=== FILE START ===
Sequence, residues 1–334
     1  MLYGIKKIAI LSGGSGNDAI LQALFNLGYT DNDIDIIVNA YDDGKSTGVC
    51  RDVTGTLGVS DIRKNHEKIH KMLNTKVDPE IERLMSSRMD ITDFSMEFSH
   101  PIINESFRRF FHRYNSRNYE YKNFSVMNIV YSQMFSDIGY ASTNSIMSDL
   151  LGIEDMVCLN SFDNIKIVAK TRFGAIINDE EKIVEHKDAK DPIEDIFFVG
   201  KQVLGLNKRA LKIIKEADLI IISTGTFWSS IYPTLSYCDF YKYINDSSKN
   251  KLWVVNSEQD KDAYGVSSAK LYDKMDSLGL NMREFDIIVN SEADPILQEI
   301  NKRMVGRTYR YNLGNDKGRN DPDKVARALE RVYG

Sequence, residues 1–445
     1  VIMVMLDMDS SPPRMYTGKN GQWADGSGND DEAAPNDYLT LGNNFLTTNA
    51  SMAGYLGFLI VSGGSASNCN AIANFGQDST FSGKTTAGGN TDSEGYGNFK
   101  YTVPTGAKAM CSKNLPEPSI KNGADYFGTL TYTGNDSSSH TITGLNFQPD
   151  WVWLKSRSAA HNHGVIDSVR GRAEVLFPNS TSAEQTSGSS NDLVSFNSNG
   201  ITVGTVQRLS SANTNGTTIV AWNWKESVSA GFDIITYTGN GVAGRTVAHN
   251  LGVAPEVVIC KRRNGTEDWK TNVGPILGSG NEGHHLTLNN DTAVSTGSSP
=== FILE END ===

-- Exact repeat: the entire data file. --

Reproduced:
Sequence, residues 1–334
     1  MLYGIKKIAI LSGGSGNDAI LQALFNLGYT DNDIDIIVNA YDDGKSTGVC
    51  RDVTGTLGVS DIRKNHEKIH KMLNTKVDPE IERLMSSRMD ITDFSMEFSH
   101  PIINESFRRF FHRYNSRNYE YKNFSVMNIV YSQMFSDIGY ASTNSIMSDL
   151  LGIEDMVCLN SFDNIKIVAK TRFGAIINDE EKIVEHKDAK DPIEDIFFVG
   201  KQVLGLNKRA LKIIKEADLI IISTGTFWSS IYPTLSYCDF YKYINDSSKN
   251  KLWVVNSEQD KDAYGVSSAK LYDKMDSLGL NMREFDIIVN SEADPILQEI
   301  NKRMVGRTYR YNLGNDKGRN DPDKVARALE RVYG

Sequence, residues 1–445
     1  VIMVMLDMDS SPPRMYTGKN GQWADGSGND DEAAPNDYLT LGNNFLTTNA
    51  SMAGYLGFLI VSGGSASNCN AIANFGQDST FSGKTTAGGN TDSEGYGNFK
   101  YTVPTGAKAM CSKNLPEPSI KNGADYFGTL TYTGNDSSSH TITGLNFQPD
   151  WVWLKSRSAA HNHGVIDSVR GRAEVLFPNS TSAEQTSGSS NDLVSFNSNG
   201  ITVGTVQRLS SANTNGTTIV AWNWKESVSA GFDIITYTGN GVAGRTVAHN
   251  LGVAPEVVIC KRRNGTEDWK TNVGPILGSG NEGHHLTLNN DTAVSTGSSP